Sorry for the lack of updates. Our family had a sudden chance to go on vacation (Hilton Head Island) and we jumped at the opportunity. I managed to get myself a nasty sunburn (hmm, 5 hours in the ocean without sunscreen on my back...oops), but I did read a bunch of books while the kids played in the pool. And I got the required Salty Dog t-shirt.


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Wednesday, July 2, 2008

Regal Cinema's Disregard for Patrons and Films (update) a/k/a When Disney Talks, Regal Listens

As I mentioned in my entry Regal Cinema's Disregard for Patrons and Films posted on Monday, my family and I had a poor experience when we went to see WALL-E at our local Regal cinema. As I also mentioned in that post, this was far from the first time that we've had problems with Regal. However, in the past, when I've complained to Regal (including my 2005 letter to Regal's CEO), I've received no response whatsoever.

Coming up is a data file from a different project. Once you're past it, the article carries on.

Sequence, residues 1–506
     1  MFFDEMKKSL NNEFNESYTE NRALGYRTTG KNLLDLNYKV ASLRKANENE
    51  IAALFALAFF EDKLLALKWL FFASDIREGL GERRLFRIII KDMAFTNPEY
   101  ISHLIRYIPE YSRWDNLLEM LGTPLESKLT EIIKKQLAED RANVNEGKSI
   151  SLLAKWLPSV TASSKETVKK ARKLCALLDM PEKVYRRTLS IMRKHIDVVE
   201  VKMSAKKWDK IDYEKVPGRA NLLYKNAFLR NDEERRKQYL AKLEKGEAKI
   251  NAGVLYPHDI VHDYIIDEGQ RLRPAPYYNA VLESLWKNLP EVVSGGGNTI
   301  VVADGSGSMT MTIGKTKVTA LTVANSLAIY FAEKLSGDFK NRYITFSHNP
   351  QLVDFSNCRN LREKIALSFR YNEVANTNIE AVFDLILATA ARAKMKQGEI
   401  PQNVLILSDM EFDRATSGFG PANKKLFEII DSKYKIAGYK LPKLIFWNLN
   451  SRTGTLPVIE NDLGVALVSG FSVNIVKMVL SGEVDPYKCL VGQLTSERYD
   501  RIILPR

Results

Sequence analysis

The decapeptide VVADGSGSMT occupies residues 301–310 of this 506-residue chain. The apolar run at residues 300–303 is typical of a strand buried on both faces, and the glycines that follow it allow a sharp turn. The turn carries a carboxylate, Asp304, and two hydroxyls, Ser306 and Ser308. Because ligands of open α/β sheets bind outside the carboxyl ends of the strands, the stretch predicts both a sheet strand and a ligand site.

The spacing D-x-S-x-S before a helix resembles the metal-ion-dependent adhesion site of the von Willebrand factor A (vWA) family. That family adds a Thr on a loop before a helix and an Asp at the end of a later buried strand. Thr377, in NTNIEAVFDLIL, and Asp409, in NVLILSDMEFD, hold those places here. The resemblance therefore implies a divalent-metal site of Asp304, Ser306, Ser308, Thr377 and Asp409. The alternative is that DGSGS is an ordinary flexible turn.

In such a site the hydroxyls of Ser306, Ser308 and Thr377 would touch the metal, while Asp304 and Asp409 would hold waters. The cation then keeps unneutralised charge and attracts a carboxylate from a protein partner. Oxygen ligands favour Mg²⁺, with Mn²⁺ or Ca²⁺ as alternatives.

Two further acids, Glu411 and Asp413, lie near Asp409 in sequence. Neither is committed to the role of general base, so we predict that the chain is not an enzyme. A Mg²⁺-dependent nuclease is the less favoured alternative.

After posting Monday's story, I decided that I needed to be sure Regal and, more importantly, Pixar were aware of the problem (I certainly doubt that Regal's manager told her supervisors about the problem...). So, I did two things. First, I left a voice mail message at the number for Regal's Customer Relations Department (available here). Then, I called Pixar. After hunting around through the most entertaining voice mail system that I've ever encountered, I was eventually able to connect to an operator. I briefly explained the problem and she said that I "absolutely" needed to bring it to the attention of Pixar's public relations department and transferred me. I was forced to leave a voice mail message (which I did with a fair amount of detail).

And there I left things, wondering if I would ever hear any more about the episode. I wasn't left wondering for long. Yesterday afternoon, less than 24 hours after leaving my message with Pixar, I received a call from Disney (Pixar's parent). It was clear that my voice mail message to Pixar had made its way up the Pixar/Disney corporate ladder. The gentleman from Disney with whom I spoke was extremely courteous and apologetic, even though I kept reiterating that Pixar had nothing to apologize for. He described Pixar's "Perfect Projection Program" (and jokingly noted that Regal didn't seem to qualify for that award). We spoke for some time and had a good discussion about issues like artistic integrity and the entire movie-going experience. Most importantly, he indicated that Disney/Pixar was not happy with the situation and that he had already been in contact with management at Regal to discuss the situation.